ASP figures up over last quarter
BALTIMORE - Most nebulizer medications will see a slight boost in reimbursement for the second quarter of 2010, according to average sales price (ASP) figures released March 18.
"It's almost scary--the ASP method might be working," said David McDonald, president/owner of Texarkana, Texas-based Senior Respiratory Solutions.
Long-acting bronchodilators (LABA) Brovana (J7605) and Perforomist (J7606) enjoyed the biggest increases: Brovana rose nearly 23 cents to $5.32 per dose and Perforomist rose 20 cents to $4.72 per dose.
In December, Medicare stopped requiring that patients first try a short-acting drug before one of the LABA drugs.
"We're absolutely seeing more prescriptions for it," said McDonald. "There's a lot better therapy with LABA drugs."
Although reimbursement for the drugs has remained consistently high, for some providers, it's more about the patient.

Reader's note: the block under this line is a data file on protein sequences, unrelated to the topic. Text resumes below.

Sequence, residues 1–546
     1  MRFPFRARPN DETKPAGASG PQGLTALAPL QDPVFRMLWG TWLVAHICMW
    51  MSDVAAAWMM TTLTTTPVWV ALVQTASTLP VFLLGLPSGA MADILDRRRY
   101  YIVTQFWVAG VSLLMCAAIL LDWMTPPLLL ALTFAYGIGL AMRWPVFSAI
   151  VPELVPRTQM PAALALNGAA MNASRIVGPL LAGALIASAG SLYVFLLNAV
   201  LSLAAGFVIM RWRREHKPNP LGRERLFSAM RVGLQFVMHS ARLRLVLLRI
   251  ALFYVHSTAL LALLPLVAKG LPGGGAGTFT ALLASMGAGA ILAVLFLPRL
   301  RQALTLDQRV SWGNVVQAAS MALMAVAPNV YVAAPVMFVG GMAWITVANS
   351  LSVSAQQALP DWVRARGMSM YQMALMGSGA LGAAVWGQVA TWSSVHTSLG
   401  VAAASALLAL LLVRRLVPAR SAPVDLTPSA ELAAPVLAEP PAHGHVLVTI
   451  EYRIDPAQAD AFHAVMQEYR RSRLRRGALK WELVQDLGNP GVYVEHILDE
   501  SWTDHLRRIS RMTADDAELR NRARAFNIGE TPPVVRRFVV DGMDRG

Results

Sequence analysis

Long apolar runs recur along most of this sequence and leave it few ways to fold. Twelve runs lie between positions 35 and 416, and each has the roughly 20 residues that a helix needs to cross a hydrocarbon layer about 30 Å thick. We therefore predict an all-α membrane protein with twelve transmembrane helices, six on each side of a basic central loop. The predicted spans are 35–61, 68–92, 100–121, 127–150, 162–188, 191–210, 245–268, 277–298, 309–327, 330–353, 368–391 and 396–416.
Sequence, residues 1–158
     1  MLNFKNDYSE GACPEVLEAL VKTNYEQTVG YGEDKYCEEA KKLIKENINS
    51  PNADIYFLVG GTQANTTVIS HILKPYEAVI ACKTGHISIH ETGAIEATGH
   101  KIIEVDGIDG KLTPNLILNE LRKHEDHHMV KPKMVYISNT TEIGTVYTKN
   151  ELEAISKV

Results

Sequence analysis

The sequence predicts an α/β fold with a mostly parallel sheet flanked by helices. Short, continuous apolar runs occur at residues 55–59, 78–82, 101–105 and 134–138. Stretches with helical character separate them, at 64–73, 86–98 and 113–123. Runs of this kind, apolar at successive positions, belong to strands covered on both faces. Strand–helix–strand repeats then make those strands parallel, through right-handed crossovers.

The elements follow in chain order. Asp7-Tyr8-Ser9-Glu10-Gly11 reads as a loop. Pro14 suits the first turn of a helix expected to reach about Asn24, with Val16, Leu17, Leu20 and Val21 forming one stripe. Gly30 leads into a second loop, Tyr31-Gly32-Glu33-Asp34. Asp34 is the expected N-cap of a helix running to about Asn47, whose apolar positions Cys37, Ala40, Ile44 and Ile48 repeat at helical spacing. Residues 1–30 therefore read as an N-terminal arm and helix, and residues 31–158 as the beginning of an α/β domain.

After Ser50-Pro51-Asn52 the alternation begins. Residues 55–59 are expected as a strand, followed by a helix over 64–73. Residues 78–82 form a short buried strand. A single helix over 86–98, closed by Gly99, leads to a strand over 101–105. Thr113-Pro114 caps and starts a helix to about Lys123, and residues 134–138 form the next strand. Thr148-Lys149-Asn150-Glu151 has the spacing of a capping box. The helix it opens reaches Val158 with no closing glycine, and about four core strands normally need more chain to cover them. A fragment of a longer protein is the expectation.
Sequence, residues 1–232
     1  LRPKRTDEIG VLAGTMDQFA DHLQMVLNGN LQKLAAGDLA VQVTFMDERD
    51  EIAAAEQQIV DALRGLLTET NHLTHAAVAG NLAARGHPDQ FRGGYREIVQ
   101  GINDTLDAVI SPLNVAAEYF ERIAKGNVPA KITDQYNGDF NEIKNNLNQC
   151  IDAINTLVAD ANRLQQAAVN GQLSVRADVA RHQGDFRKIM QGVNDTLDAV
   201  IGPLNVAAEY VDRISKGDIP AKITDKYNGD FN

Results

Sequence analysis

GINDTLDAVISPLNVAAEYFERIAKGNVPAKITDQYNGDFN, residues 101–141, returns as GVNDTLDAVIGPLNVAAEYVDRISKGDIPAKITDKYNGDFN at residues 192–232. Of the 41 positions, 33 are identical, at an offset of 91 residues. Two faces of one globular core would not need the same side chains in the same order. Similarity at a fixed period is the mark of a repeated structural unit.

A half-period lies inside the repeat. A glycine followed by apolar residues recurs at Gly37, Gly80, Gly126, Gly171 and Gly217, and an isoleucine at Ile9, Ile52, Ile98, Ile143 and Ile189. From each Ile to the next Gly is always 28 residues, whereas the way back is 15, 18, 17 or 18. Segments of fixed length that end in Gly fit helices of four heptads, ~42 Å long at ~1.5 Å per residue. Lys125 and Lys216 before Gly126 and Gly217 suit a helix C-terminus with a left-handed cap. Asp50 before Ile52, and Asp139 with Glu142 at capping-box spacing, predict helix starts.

"We promote Brovana and Perforomist a little bit to new patients, but we're not actively pursuing patients to change from an old drug to a new one just for profitability," said Sam Jarczynski, president of St. Petersburg, Fla.-based RxStat. "We just look out for the patient's best interest."
Other drugs also saw increases: Ipratroprium (J7644) was up a penny to 11.8 cents a dose and albuterol (J7613) rose 3 cents to 15.5 cents per dose.
That's a "nice" turnaround for a drug that, last fall, was being reimbursed at about 12 cents per dose, said Wayne Vega, vice president of sales for Harvard Drug Group. In October, drug manufacturers increased the price tag of the drug from about 10 cents per dose to between 15 and 17 cents per dose (See HME News, December 2009).
"You have to endure a little pain to correct something that should not have happened," said Vega. "I think we may see more improvements in the near future as well."
Budesonide (J7626) stayed flat at about $6.42 cents per dose and DuoNeb (J7620) decreased just over a penny to 1.4 cents per dose.